Jewdar had long been an advocate for allowing gays to serve openly in the military, based on the very simple premise that as someone who loves the army, we
A. Want every American to be able to serve their country to the best of their ability
B. Believe that our army and our country lose out when good troops are kicked out for bad reasons. And sexuality is a pretty bad reason.
We are a afraid to say, however, that when it came to allowing women in combat arms, we were a bit more hesitant. We weren’t opposed to it, per se, but we were also not behind it, either. The issue was not whether or not women could fight–many women served in combat in the Red Army during WWII. Our objections were far more mundane.
A. Would women be held to the same standards as male infantry soldiers? This is not an unreasonable question. One of the things, to our mind, that made integration in the military work was that it created a place where white soldiers could see black soldiers doing the same jobs they were doing. And the military, historically, has had different physical requirements for female soldiers.
B. Girls have cooties, and there is a legitimate concern that, in a combat situation, you could have cootie pandemic, much like Spanish flu at the end of WWI.
In other words, there wasn’t a really good reason, other than it was different, and would take some adjusting. But when Jewdar read that the military had opened up combat arms to women, we were glad, and having just read about the graduation of the first class of infantry soldiers with female recruits, we were delighted, both for them, and our old alma mater (though to be clear, while they did graduate from the Infantry School at Ft. Benning, they were in the Sand Hilton, not Harmony Church, where the real infantry soldiers were trained before they switched it to the Armor School).
Critics, of course, will argue that this is all just political correctness run wild, that the military should not be treated as laboratory for social experiments. Jewdar agrees wholeheartedly. But those critics have it completely wrong. It is not admitting qualified troops who may be gay, or female, that places social concerns over military one; it is barring them. The military is a fighting force–its purpose is to be so good at making war that in the best case scenario, it doesn’t have to, and in the worst case scenario, when it does, it wins. If these young women can do the job well, then they strengthen our military, and we shouldn’t place concerns about cooties above doing what’s best for the military.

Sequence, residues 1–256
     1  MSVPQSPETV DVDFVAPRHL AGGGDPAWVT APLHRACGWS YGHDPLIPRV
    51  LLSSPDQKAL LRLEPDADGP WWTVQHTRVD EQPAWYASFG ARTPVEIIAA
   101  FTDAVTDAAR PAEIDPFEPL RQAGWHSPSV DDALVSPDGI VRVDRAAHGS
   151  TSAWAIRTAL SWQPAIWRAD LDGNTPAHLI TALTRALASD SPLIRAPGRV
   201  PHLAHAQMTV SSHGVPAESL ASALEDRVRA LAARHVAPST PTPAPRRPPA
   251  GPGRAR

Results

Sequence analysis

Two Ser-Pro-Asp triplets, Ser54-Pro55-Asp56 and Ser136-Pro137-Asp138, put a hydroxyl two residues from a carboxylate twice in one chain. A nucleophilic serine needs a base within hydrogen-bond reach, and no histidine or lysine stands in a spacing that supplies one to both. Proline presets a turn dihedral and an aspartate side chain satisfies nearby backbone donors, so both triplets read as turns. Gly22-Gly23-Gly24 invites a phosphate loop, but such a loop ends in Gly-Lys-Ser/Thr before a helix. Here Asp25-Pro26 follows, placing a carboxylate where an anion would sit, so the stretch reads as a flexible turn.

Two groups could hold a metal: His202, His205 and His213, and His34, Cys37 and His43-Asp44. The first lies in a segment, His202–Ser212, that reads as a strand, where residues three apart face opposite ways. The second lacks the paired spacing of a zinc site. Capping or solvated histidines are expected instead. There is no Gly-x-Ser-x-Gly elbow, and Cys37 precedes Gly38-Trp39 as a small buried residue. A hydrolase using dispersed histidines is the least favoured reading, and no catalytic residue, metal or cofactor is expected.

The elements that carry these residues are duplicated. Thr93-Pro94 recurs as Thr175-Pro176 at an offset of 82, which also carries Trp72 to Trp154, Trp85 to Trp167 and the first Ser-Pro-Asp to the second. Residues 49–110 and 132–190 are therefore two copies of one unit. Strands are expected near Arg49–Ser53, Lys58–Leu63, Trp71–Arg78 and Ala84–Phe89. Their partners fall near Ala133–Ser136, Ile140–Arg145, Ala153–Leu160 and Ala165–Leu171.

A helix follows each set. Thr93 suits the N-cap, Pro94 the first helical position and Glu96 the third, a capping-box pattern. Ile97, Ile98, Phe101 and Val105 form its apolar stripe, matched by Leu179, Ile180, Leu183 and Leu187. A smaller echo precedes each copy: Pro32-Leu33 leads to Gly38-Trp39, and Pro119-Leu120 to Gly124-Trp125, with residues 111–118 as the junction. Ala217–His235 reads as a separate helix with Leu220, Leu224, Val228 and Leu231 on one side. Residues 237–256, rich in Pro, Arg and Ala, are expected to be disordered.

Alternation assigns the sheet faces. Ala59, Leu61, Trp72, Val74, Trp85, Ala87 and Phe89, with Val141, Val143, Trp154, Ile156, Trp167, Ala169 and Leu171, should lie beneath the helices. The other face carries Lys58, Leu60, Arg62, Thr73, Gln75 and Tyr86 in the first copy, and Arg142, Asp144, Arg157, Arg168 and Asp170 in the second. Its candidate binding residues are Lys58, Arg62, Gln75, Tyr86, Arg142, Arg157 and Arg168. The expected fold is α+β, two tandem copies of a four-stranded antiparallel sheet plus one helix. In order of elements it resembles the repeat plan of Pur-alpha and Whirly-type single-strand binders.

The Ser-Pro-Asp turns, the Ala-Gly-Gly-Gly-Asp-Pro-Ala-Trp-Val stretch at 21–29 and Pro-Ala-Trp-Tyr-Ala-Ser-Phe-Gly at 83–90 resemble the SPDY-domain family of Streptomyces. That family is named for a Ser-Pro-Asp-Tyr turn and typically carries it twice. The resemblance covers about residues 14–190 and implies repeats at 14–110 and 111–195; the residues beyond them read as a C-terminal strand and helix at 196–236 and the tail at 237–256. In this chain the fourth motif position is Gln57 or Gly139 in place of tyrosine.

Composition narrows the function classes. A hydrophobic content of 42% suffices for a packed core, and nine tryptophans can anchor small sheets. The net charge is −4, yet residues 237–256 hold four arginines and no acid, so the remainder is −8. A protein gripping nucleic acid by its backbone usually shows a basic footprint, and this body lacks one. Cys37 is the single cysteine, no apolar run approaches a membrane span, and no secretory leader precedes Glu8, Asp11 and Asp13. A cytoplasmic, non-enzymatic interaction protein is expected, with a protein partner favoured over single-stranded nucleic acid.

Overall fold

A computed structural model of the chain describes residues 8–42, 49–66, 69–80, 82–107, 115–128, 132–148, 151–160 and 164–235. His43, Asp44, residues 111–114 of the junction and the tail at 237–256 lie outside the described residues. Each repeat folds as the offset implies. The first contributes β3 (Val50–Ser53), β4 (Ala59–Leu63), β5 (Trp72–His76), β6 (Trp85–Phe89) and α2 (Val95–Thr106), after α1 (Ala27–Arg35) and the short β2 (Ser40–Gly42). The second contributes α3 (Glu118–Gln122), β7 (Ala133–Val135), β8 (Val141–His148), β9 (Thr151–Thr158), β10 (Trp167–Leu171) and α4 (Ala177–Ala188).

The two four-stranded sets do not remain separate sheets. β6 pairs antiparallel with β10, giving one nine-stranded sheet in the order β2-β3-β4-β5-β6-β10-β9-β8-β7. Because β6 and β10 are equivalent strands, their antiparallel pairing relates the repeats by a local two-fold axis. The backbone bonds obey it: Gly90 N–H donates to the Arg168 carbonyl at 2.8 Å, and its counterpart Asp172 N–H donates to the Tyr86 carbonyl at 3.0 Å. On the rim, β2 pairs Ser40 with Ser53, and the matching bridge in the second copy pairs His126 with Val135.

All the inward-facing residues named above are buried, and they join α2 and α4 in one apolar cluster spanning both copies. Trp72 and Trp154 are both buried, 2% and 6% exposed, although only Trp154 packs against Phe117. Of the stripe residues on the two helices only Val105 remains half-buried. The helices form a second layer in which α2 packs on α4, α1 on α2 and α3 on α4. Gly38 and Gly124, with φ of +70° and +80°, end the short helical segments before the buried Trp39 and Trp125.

As for the issues of integration and unit cohesion, there are, of course, legitimate concerns. But here’s the thing–we never quite understood how people who claim to support the troops, and support the military, and talk about how we have the greatest military in the world, can have so little faith in our service men and women. We expect our troops to accomplish difficult missions, and they do, every day. Should we expect that the same troops who can handle intense firefights, who can march for miles through the rain and the heat, who can pursue our nation’s enemies through jungles or deserts, can’t handle sharing a barracks with gays or women?
Jewdar, by contrast, believes in our troops, and believes that, just as when Jewdar served, we were able to bond by making racist jokes about one another, all the while understanding that in the army, we were all just shades of green, the soldiers of tomorrow will be able to bond over jokes about sexuality and gender.
And we mean that sincerely–at the end of the day, what matters most to soldiers is whether or not their fellow troops can do the job. And we are certain that the average infantryman would rather share a fighting position with a hard-core female soldier than a male pogue* any day of the week.
So while Jewdar will not insult the most recent additions to our US Army Infantry by saluting them, we will say that we are so happy that they are able to fulfill their dreams to serve their country like Jewdar did, we thank them heartily for the service they are giving, and we offer our sincere prayers this Memorial Day that God keep them, and all our troops safe.
*Term for a soldier who doesn’t pull his weight. The kind of thing you’d say about a guy who is always going on sick call when there’s a road march. Has anti-gay origins, but nobody in the army uses it in the original sense. “Pogeybait,” for example, is the junkfood that soldiers take out to the field rather than having to just eat MREs. (for a good use of “pogeybait in the original sense, see James Jones’ excellent war novel–turned into a terrible movie-–The Thin Red Line.)